A state-court jury in Philadelphia concluded that TVT-Secur mesh was defectively designed and that Johnson & Johnson failed to warn about potential risks.
It is the 3rd consecutive multi-million dollar award out of Philadelphia in favor of women who were injured by vaginal mesh.
The lawsuit was filed by Peggy Engleman, 56, a New Jersey woman who had TVT-Secur mesh implanted in 2007 to treat stress urinary incontinence, a common condition that causes urine to leak when coughing or sneezing.
Engleman said the mesh failed within a month and her condition returned. The mesh eroded into her body and caused “sharp stabbing pain” and exacerbated her bladder problems, according to the lawsuit.
She had three corrective surgeries, but doctors were unable to remove the mesh from her body. She now suffers from chronic vaginal pain, pelvic floor spasms, and permanent urinary dysfunction.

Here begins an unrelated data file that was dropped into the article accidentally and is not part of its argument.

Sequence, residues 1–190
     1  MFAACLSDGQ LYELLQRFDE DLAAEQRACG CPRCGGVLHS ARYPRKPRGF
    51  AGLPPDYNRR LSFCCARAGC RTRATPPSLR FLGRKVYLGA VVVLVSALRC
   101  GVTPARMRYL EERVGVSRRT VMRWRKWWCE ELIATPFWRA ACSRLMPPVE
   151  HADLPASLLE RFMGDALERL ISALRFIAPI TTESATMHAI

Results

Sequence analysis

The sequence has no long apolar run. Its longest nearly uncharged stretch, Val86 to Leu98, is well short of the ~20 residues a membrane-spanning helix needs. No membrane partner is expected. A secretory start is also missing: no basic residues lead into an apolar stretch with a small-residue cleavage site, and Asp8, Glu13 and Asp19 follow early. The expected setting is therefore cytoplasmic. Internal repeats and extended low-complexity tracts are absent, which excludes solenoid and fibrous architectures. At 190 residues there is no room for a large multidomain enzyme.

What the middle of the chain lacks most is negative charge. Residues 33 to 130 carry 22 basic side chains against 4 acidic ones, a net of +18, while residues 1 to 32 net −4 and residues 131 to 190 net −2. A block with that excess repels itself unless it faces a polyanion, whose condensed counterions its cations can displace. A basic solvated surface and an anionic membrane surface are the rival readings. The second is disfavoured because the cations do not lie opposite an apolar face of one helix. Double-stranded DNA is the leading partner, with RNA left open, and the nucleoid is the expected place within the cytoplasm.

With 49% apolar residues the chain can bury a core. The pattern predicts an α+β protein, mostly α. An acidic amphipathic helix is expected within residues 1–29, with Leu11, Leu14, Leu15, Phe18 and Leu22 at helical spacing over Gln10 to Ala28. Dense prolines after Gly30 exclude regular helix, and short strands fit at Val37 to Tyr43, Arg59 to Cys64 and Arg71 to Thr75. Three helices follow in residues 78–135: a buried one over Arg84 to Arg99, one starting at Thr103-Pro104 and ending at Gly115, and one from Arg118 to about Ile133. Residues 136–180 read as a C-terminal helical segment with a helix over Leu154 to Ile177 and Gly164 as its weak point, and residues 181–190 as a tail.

The jury awarded her $2.5 million in compensation for her pain and suffering, medical expenses, and other economic damages, plus $17.5 million in punitive damages to punish Johnson & Johnson.
There are another 54,000 lawsuits pending against Johnson & Johnson in state and federal courts nationwide. The company faces three more trials in Philadelphia over the next two months.
Juries have awarded women over $35 million for vaginal mesh injuries in at least 5 jury trials since 2014, and up to $5 million has been paid in several settlements.
Johnson & Johnson voluntarily pulled four vaginal mesh implants off the market in 2015, including one TVT-Secur device. The implants were pulled off the market 6 months after the FDA ordered Johnson & Johnson and other manufacturers to conduct new safety studies.
The case is Engleman v. Ethicon, No., 05385, Philadelphia County Court of Common Pleas.